Lottie Towler, senior analyst at Ampere Analysis, a British consulting firm that specializes in media, notes that the streaming giant is investing ever more in content produced outside the United States. “For the time being, HBO Max, Disney+, Peacock, their upcoming commissions and the shows that they are working on will be almost all US produced”, says Towler.

Netflix is starting to very much localize its content. It might have an advantage in certain markets where this local content is favored over US produced shows that new competitors will be offering.

Lottie Towler, senior analyst at Ampere Analysis

Local partnerships are not to be ruled out. “We want to bring the best stories to our subscribers, regardless of where they were made. We have agreements and partnerships with some [Brazilian] TV stations, such as Record and SBT, not only to license their content – we already show Stranger Things on SBT, for example”, says the company.

Money Heist, a series produced in Spain, reached the Netflix Top 10 charts in many markets, including non-Spanish-speaking countries. Image: Netflix/Courtesy.

One platform to rule them all

Even not taking into account its future strategy and goals, Netflix’s huge advantage point is its household status across Latin America, where its brand is sometimes used as a synonym for video streaming services. The firm massively dominates across the region, where it has been present for 9 years. “In some of the key markets as in Mexico, for example, Claro Video does as well as Amazon, but both are dwarfed by Netflix’s success”, reckons Towler.

READ ALSO: After Europe and India, Disney Plus comes to Latin America later this year: Here’s what to expect

According to JustWatch, an international streaming guide, Netflix leads the interest of viewers both in Brazil and Mexico, swaying 30% to 35% of its charts, which include pay-per-view streaming platforms. JustWatch measures the audience’s interest by tracking its 20 million monthly users in 46 markets, according to their inclusion of movies and shows to personal watchlists, clicking out to the streaming services as well as selecting the platforms they subscribe to.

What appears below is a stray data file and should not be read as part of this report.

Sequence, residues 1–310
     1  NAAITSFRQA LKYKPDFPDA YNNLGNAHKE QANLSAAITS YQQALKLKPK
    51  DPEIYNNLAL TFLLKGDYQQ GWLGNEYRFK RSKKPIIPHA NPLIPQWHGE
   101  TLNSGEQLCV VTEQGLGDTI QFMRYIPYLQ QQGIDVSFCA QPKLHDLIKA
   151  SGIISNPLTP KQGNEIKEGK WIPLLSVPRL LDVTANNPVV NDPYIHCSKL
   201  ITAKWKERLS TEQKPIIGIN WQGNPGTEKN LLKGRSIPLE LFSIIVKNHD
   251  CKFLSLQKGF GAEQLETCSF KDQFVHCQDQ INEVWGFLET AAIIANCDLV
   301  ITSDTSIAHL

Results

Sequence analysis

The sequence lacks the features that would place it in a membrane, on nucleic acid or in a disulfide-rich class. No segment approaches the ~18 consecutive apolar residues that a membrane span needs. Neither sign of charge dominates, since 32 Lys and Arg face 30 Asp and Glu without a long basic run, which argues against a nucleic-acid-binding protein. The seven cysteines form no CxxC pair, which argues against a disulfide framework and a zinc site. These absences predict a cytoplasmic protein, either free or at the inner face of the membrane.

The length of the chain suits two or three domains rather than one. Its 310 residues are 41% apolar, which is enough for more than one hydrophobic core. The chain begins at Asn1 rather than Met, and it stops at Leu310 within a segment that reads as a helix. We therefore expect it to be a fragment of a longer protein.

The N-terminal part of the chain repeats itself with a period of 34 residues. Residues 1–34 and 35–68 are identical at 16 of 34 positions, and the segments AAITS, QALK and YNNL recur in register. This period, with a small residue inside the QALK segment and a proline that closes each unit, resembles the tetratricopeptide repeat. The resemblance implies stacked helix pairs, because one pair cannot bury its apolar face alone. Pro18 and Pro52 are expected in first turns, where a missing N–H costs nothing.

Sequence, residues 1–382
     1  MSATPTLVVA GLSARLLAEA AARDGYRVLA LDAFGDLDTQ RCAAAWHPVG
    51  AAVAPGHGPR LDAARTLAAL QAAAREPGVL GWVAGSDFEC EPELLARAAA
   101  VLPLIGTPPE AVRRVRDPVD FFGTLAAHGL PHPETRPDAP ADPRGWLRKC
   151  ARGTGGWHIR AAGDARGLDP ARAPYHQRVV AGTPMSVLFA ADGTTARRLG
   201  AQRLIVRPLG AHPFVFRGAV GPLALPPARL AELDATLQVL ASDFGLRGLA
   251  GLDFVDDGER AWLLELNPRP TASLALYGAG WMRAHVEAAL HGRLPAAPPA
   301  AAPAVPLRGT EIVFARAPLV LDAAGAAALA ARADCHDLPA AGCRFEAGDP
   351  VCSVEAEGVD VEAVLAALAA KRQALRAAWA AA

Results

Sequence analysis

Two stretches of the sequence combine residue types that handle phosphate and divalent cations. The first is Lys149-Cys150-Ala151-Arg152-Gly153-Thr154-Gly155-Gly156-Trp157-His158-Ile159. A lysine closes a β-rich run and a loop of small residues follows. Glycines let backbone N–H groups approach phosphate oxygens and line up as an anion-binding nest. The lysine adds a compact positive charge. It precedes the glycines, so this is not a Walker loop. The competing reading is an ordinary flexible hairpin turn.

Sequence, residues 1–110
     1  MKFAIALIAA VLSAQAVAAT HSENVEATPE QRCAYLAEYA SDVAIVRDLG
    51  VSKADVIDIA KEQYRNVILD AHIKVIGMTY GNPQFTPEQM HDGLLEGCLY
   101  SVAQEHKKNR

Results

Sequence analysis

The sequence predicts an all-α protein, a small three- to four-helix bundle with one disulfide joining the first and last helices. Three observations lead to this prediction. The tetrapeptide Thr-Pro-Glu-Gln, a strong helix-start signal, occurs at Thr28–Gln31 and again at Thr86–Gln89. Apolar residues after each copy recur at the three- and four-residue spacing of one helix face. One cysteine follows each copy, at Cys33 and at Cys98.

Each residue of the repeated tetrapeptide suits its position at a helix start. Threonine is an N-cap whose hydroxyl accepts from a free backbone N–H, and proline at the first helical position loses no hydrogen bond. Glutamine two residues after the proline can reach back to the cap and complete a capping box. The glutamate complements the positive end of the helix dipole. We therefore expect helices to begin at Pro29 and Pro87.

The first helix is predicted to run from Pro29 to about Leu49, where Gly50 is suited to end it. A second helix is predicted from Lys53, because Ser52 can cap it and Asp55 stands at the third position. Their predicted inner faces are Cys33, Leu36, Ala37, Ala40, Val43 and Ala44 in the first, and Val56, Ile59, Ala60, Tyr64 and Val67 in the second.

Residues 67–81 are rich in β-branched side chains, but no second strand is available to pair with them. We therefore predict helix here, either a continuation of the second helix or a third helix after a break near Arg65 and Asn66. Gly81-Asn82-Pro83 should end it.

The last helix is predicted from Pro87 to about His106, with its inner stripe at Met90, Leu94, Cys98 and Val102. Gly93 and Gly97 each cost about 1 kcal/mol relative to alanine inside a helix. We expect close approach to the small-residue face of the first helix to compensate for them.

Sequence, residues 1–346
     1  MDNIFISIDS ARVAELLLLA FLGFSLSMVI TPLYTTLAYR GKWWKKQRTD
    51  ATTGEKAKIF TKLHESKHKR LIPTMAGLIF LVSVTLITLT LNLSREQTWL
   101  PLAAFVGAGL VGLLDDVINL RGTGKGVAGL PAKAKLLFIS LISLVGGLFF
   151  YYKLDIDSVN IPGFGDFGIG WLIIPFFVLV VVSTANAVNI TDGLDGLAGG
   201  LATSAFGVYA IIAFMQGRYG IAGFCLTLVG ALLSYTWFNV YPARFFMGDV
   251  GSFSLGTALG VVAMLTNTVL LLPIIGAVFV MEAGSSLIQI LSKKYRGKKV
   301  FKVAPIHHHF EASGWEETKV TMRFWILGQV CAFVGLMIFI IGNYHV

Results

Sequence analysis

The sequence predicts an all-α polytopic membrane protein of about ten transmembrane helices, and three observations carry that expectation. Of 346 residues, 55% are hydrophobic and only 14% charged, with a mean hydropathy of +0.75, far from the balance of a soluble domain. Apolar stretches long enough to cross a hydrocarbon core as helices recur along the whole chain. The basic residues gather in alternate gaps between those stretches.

Content aside, platforms will also lure users with prices

Apart from content, pricing will be a key weapon in this fight. Amazon Prime Video and Apple TV+ charge BRL 9.90 monthly, while Netflix’s basic subscription (which does not offer HD videos) costs BRL 21.90 in the country. Entrants’ prices may rise, but low cost and free trials are going to be a form to lure customers away from Netflix. As for upcoming Disney+ and HBO Max, no one knows their pricing plan for Latin America – in the US, Disney’s platform is cheaper while HBO’s launched charging a higher price than rivals.

Nevertheless, due to exchange rates, the average monthly subscription fees in Latin American countries are among the cheapest and least profitable worldwide. Platforms reduce them to scale up. “We base our prices on the value we add to our members and on the desire to ensure that our service remains accessible to people”, explains Netflix Brazil.

In Brazil, for instance, the company saw its revenue decline by 25% in the first quarter – its standard, intermediary subscription plan was worth $8 in 2019 and now hovers around $6. For its basic plan, the drop was from $5.30 to $4, less than half of what it costs to US consumers.